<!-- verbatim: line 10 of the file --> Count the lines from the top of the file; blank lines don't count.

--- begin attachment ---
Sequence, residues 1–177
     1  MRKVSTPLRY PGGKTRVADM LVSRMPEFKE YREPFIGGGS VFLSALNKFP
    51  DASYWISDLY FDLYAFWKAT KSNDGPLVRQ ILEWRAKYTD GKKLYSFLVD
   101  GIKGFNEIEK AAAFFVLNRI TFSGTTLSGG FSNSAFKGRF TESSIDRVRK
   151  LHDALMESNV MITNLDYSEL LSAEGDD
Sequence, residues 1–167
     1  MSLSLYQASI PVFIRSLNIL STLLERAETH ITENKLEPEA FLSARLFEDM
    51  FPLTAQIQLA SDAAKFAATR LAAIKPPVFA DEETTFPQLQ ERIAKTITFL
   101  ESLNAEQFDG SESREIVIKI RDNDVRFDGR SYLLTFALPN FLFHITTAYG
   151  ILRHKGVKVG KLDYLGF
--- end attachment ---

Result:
   151  ILRHKGVKVG KLDYLGF